Because the Geth are part of a neural network, the disabled Geth didn’t have to actually witness the exchange.

As to the conversation itself, this is where the first fail occurs.

If this had been a recording of the characters speaking over subspace relay, the structure of the conversation could easily be explained, however it was established that shortly after Eden Prime Saren was on Sovereign when Benezia personally came to tell him that a human may have used the beacon before its destruction. This implies that Benezia was on Sovereign when the attack on Eden Prime occured — meaning the entire conversation is pointless.

Why would Saren have to say something to Benezia that she witnessed first hand? It’s a decent chink in the armor of the plot. It’s not a killer by any means, I’m sure someone can come up with an explanation that may fit, but right now I can’t find it.

You want my hunch? During the early days of Bioware showing off Mass Effect, there was a scene where Shepard manhandles a bartender at Flux, and this bartender sends him to an Asari who gives information about the Reapers. I can only assume that the investigation into Saren was originally supposed to take longer and due to time constraints had to be shortened.

In the gaming business that’s not too unreasonable an explanation. It’s a ham-fisted way of doing things, but a decent compromise to get the game shipped on time.

The problem of course is, once I saw one tiny flaw in my stepdad, I had to wonder if there were more.

Yes, there are, and it’s a big one.

Saren seeks the Prothean Conduit, which is assumed to be a weapon but is actually a miniature Mass Relay that, in this case, allows travel from Ilos to the Citadel. Saren wants to use the Conduit to infiltrate the Citadel and start the process that turns the Citadel into a Mass Relay to let the Reapers into this universe and begin the purge again.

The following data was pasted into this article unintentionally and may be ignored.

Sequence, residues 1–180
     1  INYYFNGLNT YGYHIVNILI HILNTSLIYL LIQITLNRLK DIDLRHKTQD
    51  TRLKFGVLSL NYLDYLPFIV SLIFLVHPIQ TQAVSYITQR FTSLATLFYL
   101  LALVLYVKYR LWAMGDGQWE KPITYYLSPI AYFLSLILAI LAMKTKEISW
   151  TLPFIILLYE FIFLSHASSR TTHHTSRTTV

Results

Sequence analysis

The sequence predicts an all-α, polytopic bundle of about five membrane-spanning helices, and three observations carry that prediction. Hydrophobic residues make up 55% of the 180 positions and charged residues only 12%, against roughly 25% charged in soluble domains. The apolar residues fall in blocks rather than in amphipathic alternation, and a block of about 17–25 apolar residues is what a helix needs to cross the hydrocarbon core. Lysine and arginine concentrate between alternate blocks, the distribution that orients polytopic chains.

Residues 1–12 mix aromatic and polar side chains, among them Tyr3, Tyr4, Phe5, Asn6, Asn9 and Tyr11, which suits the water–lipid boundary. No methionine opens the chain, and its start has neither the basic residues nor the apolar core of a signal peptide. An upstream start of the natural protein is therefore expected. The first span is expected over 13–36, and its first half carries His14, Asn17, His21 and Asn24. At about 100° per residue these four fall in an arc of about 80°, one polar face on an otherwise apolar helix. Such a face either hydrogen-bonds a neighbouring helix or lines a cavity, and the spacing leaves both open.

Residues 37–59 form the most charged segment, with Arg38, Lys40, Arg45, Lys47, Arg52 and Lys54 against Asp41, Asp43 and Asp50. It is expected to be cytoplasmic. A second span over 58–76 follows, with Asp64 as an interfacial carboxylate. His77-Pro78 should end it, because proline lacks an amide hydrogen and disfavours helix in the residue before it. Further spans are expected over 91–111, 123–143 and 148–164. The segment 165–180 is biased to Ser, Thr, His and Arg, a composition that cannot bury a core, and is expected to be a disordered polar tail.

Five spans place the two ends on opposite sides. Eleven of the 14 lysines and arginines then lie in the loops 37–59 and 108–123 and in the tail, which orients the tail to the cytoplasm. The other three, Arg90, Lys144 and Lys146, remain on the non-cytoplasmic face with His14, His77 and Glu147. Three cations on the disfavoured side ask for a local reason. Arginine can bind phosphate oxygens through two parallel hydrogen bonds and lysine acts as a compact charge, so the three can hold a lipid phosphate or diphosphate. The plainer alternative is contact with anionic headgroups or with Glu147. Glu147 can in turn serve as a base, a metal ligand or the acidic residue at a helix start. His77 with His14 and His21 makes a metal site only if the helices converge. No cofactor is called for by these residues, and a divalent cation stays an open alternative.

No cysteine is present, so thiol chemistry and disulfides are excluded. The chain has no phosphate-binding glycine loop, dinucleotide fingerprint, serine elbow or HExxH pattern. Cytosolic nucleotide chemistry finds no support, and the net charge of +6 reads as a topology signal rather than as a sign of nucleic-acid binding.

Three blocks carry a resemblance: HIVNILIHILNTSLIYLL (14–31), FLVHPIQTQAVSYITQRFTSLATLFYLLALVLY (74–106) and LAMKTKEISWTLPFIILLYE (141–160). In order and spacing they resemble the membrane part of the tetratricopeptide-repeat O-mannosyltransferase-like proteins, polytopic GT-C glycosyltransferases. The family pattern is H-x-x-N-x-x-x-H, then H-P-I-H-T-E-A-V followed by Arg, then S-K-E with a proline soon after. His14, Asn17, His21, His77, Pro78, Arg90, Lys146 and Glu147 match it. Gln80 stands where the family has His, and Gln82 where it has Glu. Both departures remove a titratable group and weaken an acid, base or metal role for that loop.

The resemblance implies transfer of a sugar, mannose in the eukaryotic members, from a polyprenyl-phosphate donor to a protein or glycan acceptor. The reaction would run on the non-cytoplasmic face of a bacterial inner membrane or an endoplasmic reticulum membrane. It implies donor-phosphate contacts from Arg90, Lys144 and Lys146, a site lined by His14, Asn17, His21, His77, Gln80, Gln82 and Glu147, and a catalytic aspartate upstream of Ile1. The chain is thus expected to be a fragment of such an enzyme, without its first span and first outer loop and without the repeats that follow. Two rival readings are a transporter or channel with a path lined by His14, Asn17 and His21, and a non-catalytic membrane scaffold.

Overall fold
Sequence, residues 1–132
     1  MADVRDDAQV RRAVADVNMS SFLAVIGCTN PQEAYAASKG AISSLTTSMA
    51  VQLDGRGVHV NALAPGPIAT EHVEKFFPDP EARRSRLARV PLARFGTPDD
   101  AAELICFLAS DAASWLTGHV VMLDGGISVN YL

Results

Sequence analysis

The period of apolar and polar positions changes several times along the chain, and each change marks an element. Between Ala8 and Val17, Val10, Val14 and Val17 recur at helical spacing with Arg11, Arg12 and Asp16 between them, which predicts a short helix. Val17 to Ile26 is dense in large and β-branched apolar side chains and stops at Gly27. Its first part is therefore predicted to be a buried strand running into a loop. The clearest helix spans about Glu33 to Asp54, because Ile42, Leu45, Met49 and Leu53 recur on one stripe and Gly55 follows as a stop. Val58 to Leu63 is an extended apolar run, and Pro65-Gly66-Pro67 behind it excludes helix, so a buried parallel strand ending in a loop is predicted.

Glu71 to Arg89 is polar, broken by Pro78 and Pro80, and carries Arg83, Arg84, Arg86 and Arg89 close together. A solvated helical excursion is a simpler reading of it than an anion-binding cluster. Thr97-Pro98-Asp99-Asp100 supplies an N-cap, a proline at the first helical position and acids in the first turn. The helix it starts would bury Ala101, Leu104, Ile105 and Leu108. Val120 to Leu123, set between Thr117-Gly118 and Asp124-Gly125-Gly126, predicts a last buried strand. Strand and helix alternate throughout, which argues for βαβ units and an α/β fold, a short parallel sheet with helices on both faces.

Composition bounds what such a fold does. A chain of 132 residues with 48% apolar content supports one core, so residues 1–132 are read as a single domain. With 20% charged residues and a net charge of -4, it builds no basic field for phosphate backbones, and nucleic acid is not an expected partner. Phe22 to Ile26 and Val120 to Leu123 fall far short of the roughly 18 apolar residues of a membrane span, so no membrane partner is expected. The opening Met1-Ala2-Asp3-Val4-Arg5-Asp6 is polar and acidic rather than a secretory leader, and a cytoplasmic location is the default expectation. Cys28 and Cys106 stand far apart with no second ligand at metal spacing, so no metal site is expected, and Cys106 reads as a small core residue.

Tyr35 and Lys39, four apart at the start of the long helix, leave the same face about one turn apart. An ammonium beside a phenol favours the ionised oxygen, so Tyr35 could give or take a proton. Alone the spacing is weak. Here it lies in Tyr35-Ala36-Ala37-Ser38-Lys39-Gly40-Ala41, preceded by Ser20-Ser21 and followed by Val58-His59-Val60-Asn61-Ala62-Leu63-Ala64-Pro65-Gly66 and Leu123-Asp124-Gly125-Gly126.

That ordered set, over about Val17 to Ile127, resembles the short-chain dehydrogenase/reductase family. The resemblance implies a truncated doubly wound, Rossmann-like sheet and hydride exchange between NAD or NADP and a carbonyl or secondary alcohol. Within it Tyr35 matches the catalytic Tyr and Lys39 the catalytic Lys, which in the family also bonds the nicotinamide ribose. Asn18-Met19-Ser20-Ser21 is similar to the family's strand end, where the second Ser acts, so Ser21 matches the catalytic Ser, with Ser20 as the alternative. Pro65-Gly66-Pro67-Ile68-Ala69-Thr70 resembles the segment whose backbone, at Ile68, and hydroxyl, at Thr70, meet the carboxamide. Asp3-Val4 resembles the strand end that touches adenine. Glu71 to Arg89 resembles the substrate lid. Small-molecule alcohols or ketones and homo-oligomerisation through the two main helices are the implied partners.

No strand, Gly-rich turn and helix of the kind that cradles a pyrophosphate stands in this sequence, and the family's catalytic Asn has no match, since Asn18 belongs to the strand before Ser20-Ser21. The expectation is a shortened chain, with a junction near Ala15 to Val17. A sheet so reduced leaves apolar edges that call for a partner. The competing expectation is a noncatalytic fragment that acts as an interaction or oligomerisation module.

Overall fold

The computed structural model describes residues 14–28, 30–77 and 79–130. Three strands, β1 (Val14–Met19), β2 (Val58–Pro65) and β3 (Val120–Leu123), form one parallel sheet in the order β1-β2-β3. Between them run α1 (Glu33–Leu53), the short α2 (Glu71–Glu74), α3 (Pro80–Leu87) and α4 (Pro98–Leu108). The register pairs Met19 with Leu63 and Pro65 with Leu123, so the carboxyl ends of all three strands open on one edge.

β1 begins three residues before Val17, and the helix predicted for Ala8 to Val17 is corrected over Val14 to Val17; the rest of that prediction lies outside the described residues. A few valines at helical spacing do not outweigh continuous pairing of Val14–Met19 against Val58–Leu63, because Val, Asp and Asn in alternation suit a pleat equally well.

However, at the start of the game, Saren is a Spectre who answers only to the council and gets carte blanche wherever he travels. He is also resourceful and cunning, yet his best idea to activate the Citadel is to go on a quest that could be discovered. This seems very out of character, and while you could argue that Saren’s partial indoctrination with Sovereign could have affected his judgment, that would only then serve to show that Reapers are idiots.

Consider the end of the game: Saren gets into the Citadel, makes it to the tower, meanwhile a Geth fleet, led by Sovereign, has begun an attack on the Citadel defense forces. Sovereign itself smashes through those defenses like a bear fighting gnats and makes it to the center of the Citadel to join with it when Saren hits the switch and closes the arms around it.

Considering that originally the Keepers did this, why did Saren need the Conduit?

He’s a Spectre, he could have just gone to the tower after hours on “Spectre business” and activated it while Sovereign and the Geth came into Citadel space. No one would have been the wiser until it was too late.

He didn’t need the Geth army to back him inside the Citadel, because again, he was going after hours when the guards are low, using his Spectre status to push his way in. The whole quest, and by that extension the whole game, is pointless.

You could argue that since Saren was trying to find ways of fighting indoctrination, he was also trying to delay the Reapers return. Hence the big ol’ quest, but that also fails because Sovereign should have easily seen through his explanation for the necessity of the Conduit.

Another argument could be made that he wanted to find the Conduit to destroy it so it couldn’t be used again, but this is something he could have done after the Reapers returned.